Basic Course Design

Basic Course Design


Designing a new course, or redesigning an existing course, can seem daunting, particularly if you have a limited background in educational theory or are new to teaching. This article intends to give a basic background and starting point for course design using the constructive alignment framework commonly used in higher education. Additional resources are included to provide more details, and further reading about course design approaches, including the backward design process.

Constructive Alignment

Constructive alignment in teaching links the constructivist learning theory (where students link new material to previous knowledge and experiences and extrapolate to future understandings) with outcomes-based teaching. Implementing constructive alignment in course design will result in explicitly linking teaching and learning activities to classroom assessments and evaluation, course learning objectives, and ultimately to course learning outcomes.

Starting with the End in Mind

Consider including this type of flowchart, specific to your course, in the course syllabus to help students see the connections between course assignments and learning outcomes. This is often called a graphic syllabus and also supports the concept of transparent teaching. It helps students gain a broader understanding of how the course is organized and why you do the things you do to support their learning in the course. In essence, it gives them a course roadmap for the semester.

Figure 1 can serve as a scaffold that you can apply as you redesign an existing course or design a new course from scratch.

A flow chart showing how objectives should be related to content and teaching approach


Course Learning Outcome

Start with the end in mind. What are the overall course learning outcomes? Another way to think of the outcomes is to consider them as “enduring understandings”. If you had the chance to ask students six months after completing your course what they learned from the course, ideally they would be related to the course learning outcomes. Learning outcomes are a broad statement of what the students will be able to do when they have completed the course.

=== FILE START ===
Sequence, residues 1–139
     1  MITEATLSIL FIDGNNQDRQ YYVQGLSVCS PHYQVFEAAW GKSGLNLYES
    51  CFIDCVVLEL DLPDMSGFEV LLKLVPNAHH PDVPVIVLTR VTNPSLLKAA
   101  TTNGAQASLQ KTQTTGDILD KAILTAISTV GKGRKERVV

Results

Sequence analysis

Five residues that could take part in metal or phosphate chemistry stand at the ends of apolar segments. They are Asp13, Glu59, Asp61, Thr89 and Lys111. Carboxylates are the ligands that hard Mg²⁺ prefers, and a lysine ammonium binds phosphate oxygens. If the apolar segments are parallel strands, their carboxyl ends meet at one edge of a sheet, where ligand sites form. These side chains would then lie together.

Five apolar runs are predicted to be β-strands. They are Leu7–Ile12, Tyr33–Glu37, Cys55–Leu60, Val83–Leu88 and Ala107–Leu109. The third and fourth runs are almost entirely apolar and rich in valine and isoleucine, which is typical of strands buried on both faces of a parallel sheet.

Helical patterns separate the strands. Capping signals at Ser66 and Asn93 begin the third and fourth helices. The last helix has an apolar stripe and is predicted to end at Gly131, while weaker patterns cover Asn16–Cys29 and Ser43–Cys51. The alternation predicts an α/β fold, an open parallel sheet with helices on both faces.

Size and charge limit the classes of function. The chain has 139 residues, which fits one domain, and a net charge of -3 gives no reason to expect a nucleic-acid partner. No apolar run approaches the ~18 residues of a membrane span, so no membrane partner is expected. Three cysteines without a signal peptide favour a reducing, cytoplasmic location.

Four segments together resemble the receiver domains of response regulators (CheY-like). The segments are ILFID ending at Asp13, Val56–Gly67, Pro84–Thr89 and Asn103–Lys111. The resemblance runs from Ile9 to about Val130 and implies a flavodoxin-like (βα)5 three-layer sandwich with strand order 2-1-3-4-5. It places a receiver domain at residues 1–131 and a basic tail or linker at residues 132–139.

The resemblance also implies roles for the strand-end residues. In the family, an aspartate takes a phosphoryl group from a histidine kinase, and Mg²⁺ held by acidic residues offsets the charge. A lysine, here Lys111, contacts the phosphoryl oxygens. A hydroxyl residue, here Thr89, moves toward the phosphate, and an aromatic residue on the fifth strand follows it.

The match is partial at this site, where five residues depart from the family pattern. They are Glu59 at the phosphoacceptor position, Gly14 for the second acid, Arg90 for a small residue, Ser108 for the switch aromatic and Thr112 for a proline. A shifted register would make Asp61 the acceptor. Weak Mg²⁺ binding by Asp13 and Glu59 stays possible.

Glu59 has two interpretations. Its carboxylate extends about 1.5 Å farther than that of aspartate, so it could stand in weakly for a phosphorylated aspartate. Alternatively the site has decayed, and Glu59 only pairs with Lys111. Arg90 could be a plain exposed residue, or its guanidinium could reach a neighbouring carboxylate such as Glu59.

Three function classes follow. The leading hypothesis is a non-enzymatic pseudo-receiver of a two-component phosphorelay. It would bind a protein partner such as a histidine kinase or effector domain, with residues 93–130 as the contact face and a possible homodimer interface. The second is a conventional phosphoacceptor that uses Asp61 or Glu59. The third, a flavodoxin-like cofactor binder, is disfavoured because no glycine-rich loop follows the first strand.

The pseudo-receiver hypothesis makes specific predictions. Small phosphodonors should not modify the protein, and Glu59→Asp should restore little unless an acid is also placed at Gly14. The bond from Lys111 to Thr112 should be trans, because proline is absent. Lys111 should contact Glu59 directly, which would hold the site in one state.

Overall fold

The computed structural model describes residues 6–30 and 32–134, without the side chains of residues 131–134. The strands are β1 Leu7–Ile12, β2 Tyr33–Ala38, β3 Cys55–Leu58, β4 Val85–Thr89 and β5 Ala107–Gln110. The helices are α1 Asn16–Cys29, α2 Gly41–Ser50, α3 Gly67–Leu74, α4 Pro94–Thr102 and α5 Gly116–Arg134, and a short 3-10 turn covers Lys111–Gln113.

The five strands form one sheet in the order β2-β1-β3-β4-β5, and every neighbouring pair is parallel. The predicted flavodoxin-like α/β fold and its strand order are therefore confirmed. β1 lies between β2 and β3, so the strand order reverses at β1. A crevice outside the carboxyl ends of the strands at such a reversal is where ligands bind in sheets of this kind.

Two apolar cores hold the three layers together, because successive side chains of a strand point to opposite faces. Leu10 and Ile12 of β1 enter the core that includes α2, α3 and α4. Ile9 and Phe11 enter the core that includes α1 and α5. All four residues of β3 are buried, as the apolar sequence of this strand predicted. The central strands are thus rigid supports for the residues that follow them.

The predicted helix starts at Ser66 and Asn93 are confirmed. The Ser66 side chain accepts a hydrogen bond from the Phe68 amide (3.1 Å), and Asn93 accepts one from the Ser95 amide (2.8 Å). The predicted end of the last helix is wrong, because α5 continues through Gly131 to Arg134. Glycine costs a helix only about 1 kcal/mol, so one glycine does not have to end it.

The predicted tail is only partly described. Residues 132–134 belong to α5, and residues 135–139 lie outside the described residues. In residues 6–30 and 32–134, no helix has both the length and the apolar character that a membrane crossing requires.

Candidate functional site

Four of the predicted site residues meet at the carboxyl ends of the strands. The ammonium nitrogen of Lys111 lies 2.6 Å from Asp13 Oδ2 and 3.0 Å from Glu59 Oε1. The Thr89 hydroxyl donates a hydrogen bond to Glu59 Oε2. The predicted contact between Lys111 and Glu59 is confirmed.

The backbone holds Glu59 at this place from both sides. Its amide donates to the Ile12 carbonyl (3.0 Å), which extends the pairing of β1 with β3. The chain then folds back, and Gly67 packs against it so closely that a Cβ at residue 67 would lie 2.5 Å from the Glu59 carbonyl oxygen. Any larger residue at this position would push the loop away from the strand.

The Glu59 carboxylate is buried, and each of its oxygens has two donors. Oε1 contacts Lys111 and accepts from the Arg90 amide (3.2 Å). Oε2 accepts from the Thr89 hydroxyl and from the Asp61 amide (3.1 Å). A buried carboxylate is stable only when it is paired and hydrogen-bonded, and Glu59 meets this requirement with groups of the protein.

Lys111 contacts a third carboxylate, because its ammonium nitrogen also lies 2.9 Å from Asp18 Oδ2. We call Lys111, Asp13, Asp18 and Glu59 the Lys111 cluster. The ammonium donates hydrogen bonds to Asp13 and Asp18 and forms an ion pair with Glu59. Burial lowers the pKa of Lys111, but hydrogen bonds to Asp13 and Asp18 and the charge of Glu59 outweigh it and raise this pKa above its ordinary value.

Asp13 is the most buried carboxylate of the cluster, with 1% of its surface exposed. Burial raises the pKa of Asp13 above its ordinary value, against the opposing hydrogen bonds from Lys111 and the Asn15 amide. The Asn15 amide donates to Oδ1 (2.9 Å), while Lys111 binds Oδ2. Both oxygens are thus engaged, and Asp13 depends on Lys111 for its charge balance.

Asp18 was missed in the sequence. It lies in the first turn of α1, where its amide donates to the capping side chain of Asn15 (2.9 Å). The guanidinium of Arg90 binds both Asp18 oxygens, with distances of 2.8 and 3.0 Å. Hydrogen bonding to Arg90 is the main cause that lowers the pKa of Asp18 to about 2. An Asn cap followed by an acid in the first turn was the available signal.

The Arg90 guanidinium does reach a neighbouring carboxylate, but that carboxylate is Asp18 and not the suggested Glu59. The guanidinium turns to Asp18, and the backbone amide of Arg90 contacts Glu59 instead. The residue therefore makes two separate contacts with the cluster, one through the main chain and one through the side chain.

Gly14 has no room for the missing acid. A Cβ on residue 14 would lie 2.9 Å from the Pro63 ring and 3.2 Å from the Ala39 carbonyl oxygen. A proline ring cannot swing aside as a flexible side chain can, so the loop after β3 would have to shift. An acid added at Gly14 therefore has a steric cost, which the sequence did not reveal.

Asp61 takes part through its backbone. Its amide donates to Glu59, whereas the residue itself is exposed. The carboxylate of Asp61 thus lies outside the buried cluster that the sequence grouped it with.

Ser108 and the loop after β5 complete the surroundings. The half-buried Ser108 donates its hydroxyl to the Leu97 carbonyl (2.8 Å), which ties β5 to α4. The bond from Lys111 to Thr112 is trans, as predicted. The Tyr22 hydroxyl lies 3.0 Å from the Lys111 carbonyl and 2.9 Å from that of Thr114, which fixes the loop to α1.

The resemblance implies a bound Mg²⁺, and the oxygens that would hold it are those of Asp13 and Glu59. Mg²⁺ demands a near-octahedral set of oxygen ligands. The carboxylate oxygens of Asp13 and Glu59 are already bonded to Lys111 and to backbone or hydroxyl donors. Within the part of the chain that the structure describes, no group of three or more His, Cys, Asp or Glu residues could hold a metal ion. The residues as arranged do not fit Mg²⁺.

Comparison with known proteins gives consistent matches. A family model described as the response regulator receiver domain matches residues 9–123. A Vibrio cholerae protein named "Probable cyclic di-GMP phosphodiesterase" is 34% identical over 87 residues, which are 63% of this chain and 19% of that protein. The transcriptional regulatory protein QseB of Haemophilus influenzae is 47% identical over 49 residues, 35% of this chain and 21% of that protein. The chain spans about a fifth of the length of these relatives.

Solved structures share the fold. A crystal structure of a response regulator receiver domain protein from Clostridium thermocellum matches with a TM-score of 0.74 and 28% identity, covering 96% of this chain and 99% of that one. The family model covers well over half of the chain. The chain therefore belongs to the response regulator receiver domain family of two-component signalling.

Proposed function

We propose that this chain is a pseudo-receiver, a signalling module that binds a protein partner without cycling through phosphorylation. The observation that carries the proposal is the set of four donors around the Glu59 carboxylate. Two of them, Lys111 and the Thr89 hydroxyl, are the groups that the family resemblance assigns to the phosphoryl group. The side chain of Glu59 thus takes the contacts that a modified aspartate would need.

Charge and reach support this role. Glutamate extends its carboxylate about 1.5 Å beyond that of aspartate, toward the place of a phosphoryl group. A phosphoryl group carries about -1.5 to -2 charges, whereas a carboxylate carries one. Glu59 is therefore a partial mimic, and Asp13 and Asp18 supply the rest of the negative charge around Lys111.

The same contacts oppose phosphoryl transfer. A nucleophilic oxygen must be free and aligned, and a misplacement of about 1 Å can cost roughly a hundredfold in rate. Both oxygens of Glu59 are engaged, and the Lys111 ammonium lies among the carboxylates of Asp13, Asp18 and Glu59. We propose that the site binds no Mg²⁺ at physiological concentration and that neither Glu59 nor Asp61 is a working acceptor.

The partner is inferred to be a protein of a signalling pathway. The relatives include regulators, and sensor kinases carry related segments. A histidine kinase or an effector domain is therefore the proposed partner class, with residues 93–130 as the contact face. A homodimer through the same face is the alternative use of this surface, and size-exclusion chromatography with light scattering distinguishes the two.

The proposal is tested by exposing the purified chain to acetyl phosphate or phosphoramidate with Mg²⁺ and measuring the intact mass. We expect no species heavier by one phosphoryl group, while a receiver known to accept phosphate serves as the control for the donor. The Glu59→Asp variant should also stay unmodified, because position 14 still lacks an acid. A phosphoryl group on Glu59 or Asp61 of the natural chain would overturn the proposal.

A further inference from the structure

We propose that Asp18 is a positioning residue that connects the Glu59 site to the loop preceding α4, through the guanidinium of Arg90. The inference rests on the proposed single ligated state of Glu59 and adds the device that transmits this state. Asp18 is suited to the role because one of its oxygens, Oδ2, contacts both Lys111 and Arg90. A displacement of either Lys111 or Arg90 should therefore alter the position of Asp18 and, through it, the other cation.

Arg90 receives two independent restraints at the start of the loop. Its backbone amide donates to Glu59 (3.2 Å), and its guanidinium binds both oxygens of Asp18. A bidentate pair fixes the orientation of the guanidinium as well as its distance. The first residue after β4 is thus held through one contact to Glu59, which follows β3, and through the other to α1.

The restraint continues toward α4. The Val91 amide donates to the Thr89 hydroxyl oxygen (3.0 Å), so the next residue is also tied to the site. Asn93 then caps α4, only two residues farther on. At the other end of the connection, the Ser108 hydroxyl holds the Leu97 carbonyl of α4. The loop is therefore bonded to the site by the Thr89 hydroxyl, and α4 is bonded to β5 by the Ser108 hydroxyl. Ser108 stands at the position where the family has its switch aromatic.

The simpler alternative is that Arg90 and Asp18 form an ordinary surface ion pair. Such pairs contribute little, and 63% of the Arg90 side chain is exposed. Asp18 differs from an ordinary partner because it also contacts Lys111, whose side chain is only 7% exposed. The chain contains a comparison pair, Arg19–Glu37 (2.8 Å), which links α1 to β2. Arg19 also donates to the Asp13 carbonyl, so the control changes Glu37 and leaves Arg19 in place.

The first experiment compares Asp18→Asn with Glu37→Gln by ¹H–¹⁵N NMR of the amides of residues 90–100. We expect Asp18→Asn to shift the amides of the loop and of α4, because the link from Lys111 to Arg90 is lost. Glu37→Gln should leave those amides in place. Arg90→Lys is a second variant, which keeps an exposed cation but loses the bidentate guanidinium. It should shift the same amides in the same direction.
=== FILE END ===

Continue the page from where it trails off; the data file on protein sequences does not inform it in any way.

A practical approach to writing learning outcomes is to frame them as responses to the phrase:

Upon completion of this course students will…

For additional information, review CELT’s Tips on writing good learning outcomes objectives page.

Learning Objectives

Next, determine appropriate measurable learning objectives that map to the course learning outcome. If the course is divided into a series of modules, each module may have a set of specific learning objectives. On the other hand, it may make sense to have a set of learning objectives that span across the entire course. These learning objectives will allow students to demonstrate specific knowledge, mastery of a skill, or a change in attitude.

For ideas, use these web tools:

Assessment and Evaluation

Once learning objectives are established, the next step is to create assessment and evaluation tools that will allow you to determine if students have accomplished/achieved a learning objective. A combination of assessment (not graded) and evaluation (graded) approaches provides students with various opportunities to show their mastery of the course content.

Figure 3 illustrates the relationship between assessment and evaluation

Figure 3 illustrates the relationship between assessment and evaluation.

Teaching Approach

The final step is to determine the most effective way(s) to teach based on the assessment/evaluation. In order to make learning accessible to all learners it is best to use multiple teaching approaches. These might include: direct instruction such as demonstration or lecture; use of individual learning strategies such as in-class worksheets or problem sets, or directed online discussion posts; group learning strategies such as peer instruction, guided group discussion or team-based learning; activity focused strategies where students conduct a small experiment or simulation in class or lab; or problem solving strategies that use case studies or require students to create a concept map.

Depending on which teaching approach you select, you may be able to embed either and assessment or evaluation as part of the activity.

Next Steps: Revamping Your Lesson Plan

Once you’ve determined the most effective way(s) to teach, download this worksheet that focuses on four steps to revamp your lecture. This contains reflection, strategies to consider moving forward, reviewing a sample class, and a class planning template.

The University of Minnesota Center for Educational Innovation offers a 5-part online tutorial on Integrated Aligned Course Design .

Biggs, J.B., & Tang, C. (2011). Teaching for Quality Learning at University: What the Student Does. New York, Estados Unidos: McGraw Hill Society for Research into Higher Education: Open UP.

Fink, L. (2003). Creating Significant Learning Experiences: An Integrated Approach to Designing College Courses. San Francisco, CA: Jossey-Bass.

Knaack, L. (2011). A Practical Handbook for Educators: Designing Learning Opportunities. Whitby, ON: De Sitter Publications.

Wiggins, G.P., & McTighe, J. (2005). Understanding by Design. Expanded 2nd ed. Alexandria, VA: Association for Supervision and Curriculum Development, 2005.